We often get asked about our chicken...the who, what, when, and how (we all already know why - a lean, healthy, versatile, affordable protein).
We also often get asked if we have organic chicken. The short answer is, "yes."
The long answer is, well we SOMETIMES do but not often. When we get enough requests we will go commit to a certain amount of chicken and offer it with our other line of meats.
But what has happened time and time again is that when presented with the organic option, even if $2-$3 LESS per lb than the grocery store, we hardly sell it because it's still expensive when compared to conventional chicken across the board.
We have dealt with chicken producers of all kinds. I personally would love an exclusivity to organic chicken for my family. But I am on a budget, I have 6 kids, 4 of which are teens and 3 of them boys. They would eat us out of house and home with organic chicken, even at wholesale prices.
So I get it. I get the desire, but not the practicality of it.
So that makes the next best thing to do is to find the "second best" option or the option that can still be affordable, but perhaps one-level under organic.
I had a conversation with an organic chicken producer ....I said, "We want to have your products and we will grow and hopefully be able to have enough willing to pay for the organic label. BUT....since we can't let's chat about our options that would be 'second best'."
So that leads us to the chicken option we have today! We choose to work with and provide chicken from what we consider to be one of the best sources for chicken.
We had personally already done our homework and chosen a brand to work with and then the conversation with the organic chicken producer confirmed that that would be his choice as well for many reasons!
First, let me tell you who we source from.
We source from Koch Foods (pronounced Cook) that does all of the processing of the chicken that comes from the midwest. Koch processes the chicken from 350 small poultry farms in the midwest. Each of these farms have a list of requirements for farming and raising practices including no steroids, no added hormones, antibiotic free, free-range and humane practices.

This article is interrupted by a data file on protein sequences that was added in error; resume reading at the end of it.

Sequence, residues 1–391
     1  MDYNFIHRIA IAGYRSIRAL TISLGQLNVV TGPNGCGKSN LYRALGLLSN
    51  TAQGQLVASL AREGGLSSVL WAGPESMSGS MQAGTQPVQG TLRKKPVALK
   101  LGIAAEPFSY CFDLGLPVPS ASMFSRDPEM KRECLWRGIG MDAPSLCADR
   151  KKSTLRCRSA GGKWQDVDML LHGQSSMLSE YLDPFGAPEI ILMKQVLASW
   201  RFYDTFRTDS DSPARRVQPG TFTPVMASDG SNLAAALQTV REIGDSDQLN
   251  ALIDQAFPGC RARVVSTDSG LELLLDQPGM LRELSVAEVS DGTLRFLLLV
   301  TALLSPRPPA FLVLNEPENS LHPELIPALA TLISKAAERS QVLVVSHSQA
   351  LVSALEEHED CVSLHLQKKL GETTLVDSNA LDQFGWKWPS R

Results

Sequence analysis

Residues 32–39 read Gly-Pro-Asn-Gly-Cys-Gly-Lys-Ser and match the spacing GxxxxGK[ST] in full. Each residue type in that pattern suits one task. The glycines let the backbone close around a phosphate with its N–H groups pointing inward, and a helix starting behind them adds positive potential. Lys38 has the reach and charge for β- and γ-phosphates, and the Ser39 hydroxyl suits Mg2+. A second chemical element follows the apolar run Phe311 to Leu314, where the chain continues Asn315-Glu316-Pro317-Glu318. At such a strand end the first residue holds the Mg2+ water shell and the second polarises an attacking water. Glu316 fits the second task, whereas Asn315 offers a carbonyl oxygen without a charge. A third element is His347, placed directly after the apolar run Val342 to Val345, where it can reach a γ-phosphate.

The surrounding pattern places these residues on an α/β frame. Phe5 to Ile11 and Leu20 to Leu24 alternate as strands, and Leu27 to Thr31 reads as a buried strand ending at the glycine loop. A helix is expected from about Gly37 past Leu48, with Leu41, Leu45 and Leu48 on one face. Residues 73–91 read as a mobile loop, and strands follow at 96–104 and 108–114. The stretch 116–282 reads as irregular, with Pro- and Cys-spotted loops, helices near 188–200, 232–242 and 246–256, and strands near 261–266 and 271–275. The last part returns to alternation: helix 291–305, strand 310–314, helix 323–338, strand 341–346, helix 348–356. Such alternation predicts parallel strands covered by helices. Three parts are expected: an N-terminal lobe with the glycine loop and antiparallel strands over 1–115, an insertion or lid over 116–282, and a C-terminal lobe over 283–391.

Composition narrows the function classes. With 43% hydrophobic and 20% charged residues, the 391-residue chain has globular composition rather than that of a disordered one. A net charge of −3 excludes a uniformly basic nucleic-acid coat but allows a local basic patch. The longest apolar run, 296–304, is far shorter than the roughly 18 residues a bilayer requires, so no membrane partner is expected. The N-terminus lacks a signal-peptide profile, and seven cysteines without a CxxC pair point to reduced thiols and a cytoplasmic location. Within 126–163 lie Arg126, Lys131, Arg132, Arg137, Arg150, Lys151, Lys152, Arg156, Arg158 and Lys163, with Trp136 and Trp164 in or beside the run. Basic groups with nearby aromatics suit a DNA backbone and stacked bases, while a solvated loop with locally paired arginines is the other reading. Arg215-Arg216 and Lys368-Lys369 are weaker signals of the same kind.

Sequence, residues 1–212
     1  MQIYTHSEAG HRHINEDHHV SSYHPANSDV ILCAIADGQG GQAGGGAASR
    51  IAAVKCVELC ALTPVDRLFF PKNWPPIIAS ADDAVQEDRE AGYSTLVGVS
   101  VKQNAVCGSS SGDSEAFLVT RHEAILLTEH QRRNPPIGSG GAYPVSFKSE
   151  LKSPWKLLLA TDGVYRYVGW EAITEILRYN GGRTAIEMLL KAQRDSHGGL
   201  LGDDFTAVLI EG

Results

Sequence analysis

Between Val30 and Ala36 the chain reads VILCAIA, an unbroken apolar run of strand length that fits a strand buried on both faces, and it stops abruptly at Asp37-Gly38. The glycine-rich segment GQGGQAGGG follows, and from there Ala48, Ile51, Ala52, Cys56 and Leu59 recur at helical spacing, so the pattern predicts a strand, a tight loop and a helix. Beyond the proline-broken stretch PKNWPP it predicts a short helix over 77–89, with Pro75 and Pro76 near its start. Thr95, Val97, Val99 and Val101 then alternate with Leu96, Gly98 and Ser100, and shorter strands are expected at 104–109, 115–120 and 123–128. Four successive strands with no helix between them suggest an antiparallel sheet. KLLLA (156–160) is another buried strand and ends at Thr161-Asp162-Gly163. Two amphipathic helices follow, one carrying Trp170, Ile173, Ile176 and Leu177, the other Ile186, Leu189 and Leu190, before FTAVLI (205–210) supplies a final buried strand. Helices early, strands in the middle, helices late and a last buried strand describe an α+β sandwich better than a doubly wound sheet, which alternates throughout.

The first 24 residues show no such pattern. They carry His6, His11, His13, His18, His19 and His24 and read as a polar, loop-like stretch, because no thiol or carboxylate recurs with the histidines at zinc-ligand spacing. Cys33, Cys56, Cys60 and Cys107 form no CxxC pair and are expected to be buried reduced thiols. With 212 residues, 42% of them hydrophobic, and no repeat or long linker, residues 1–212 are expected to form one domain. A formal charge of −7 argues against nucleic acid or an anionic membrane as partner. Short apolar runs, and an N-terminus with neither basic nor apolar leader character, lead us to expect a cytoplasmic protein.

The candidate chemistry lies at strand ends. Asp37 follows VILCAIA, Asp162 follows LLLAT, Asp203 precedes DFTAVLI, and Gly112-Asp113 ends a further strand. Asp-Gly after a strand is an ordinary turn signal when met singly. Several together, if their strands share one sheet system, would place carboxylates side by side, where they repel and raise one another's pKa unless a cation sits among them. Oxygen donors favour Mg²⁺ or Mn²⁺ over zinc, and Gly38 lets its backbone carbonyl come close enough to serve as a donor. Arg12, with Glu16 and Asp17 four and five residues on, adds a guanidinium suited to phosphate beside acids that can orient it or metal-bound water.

From there, Koch Foods has a USDA certified processing facility to kill, clean and handcut each chicken. These are minimally processed and hand cut by a human.
We already knew these things and already knew that these things elevated the chicken quality to a much higher level (like Simple Truth Naturals chicken), but this next part was the piece we gleaned from our chat with the organic chicken producer.
What's even more important about this process is this specific information the organic chicken producer shared with us.
First, for them, they grow chicken over about 10 weeks to 4-5 lbs each bird. So they are growing slowly and naturally.
Nearly every chicken brand out there will grow their chickens in 4-5 weeks and to 9-10 lbs. This is a very hard process on the chicken because they get to the point that they can't move around and thus create an issue called "woody breast" because of the lack of moving from growing too fat too fast. They wanted to master making more $$ per lb with this process. And the big names in chicken do have really cheap chicken!